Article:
The Senate Judiciary Committee on Thursday approved bipartisan bills requiring Supreme Court hearings to be televised and widely expand the use of television cameras in federal courts, suggesting that the two bills could stand a chance of ‘be adopted in the Senate.
A bill to make television coverage of public sessions of the Supreme Court mandatory was passed by the 15-7 committee, with four Republicans voting in favor.
The bill allows the majority of judges – some of whom have shied away from the idea – to turn off the cameras in cases where they believe that the televising of the proceedings would violate the due process rights of one of the parties before the court. the tribunal.
Sen. Chuck Grassley (R-Iowa), the committee’s top Republican and the lead co-author of the GOP bill, said allowing the public to watch the court proceedings “would achieve real transparency and improve civic health.” .
The committee also passed a Bill 15-7 to allow federal judges and the Supreme Court to allow television cameras in their courtrooms, making the rules nationally consistent which vary by jurisdiction. judicial districts.
This bill includes restrictions on the ability of the media to broadcast privileged conversations or jurors, and allows judges to grant additional protections to the identity of witnesses and jurors.
Senator Amy Klobuchar (D-Minn.), Who introduced this bill with Grassley, argued that there were “some pretty important cases happening in federal court,” while noting the various protections provided in the bill.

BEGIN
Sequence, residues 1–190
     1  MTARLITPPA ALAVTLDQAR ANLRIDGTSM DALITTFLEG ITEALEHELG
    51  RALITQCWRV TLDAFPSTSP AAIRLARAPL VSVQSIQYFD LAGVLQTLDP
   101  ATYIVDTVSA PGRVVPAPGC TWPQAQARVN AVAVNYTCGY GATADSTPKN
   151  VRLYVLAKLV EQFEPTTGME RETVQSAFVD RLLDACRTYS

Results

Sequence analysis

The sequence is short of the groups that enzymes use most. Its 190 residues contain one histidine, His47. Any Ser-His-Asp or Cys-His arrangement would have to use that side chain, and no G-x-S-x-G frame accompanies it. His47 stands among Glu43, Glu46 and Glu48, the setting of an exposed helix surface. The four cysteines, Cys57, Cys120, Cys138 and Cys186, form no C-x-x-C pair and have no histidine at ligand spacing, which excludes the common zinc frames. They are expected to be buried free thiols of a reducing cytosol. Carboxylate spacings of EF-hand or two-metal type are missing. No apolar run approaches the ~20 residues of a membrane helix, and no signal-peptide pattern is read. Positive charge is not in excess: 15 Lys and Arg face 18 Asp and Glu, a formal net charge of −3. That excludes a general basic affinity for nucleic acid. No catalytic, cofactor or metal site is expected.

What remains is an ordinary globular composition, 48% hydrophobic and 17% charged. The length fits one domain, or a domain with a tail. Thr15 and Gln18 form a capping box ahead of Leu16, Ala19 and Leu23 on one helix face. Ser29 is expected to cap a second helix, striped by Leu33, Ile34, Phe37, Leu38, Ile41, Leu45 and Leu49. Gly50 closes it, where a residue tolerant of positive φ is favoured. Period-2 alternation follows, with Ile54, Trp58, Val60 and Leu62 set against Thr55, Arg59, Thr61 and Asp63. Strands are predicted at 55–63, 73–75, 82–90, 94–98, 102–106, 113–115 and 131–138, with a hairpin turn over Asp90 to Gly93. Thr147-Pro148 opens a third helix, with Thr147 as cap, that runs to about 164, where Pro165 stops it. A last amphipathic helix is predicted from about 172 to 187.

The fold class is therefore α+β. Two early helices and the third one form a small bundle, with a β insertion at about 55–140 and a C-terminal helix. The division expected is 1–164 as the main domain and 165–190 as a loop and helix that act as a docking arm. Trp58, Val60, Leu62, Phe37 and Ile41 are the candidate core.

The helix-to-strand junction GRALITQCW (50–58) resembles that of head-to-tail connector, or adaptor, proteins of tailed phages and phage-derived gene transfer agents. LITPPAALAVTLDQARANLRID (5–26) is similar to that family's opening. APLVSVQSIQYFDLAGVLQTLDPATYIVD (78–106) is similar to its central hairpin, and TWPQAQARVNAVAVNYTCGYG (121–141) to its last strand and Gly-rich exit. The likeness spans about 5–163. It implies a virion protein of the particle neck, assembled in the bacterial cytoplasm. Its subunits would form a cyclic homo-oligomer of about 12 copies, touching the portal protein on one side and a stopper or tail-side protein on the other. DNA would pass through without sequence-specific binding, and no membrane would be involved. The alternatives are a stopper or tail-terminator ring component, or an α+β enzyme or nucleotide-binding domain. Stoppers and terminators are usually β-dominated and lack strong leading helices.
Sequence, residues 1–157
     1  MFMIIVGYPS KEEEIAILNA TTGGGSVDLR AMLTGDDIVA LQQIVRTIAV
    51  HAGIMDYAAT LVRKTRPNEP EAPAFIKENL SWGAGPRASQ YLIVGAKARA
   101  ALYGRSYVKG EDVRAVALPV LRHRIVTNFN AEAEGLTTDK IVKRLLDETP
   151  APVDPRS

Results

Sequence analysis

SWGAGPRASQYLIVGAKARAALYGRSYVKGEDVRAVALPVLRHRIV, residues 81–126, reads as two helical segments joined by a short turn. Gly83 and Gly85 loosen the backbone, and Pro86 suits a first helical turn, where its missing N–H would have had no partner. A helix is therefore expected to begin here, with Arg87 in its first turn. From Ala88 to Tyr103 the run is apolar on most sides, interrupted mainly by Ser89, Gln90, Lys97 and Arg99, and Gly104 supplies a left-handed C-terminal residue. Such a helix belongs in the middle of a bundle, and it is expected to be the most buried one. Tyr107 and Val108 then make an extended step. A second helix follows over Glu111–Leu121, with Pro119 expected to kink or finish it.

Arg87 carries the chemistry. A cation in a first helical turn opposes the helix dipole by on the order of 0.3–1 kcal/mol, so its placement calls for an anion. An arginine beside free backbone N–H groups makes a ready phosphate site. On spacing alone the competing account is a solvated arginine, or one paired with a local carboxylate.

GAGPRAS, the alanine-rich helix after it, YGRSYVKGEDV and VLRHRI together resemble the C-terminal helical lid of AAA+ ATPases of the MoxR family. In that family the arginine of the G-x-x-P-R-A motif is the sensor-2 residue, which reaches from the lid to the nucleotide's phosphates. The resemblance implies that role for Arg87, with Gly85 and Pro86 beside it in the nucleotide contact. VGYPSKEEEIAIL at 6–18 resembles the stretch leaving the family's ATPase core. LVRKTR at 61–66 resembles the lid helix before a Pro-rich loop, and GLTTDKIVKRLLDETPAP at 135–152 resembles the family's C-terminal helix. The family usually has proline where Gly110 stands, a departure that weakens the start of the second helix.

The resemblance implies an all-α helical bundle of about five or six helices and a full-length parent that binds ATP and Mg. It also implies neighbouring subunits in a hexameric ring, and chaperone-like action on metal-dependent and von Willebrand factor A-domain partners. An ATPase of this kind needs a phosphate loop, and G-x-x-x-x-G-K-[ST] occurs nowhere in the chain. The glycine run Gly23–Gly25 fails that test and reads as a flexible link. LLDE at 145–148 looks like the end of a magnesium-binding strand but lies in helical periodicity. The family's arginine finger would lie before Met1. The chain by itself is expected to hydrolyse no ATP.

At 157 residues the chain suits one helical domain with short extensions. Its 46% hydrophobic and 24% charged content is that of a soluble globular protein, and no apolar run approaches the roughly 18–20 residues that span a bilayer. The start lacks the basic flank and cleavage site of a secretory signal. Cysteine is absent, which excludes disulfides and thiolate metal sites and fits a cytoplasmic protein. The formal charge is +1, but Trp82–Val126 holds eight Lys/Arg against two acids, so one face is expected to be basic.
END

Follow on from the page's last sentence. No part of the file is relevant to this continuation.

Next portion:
The United States Judicial Conference, which develops policies on the administration of federal courts, passed a rule in 1972 prohibiting “the broadcasting, television, recording or taking of photographs in the courtroom.” Those rules have since been relaxed for federal courts, and the Supreme Court has also adapted to allow audio.
64%. That’s the proportion of voters who said the Supreme Court should televise its hearings in a CSPAN / PSB poll in 2018, while only 23% said they shouldn’t.
“I think these measures are well intentioned, but I think they are misguided,” said Sen. Tom Cotton (R-Ark.) Of the bills, saying that transparency is “particularly lacking in our court systems “because the Supreme Court and federal courts publish audio transcripts. Cotton warned that the video of the hearings could be “taken out of context,” echoing concerns of some judges.
“A majority of my court thinks very strongly … that the television of our debates would change our collegial dynamic,” warned former judge Anthony Kennedy, former senator Arlen Specter, who tried unsuccessfully to pass a bill. putting cameras at the Supreme Court, during a hearing in 2010.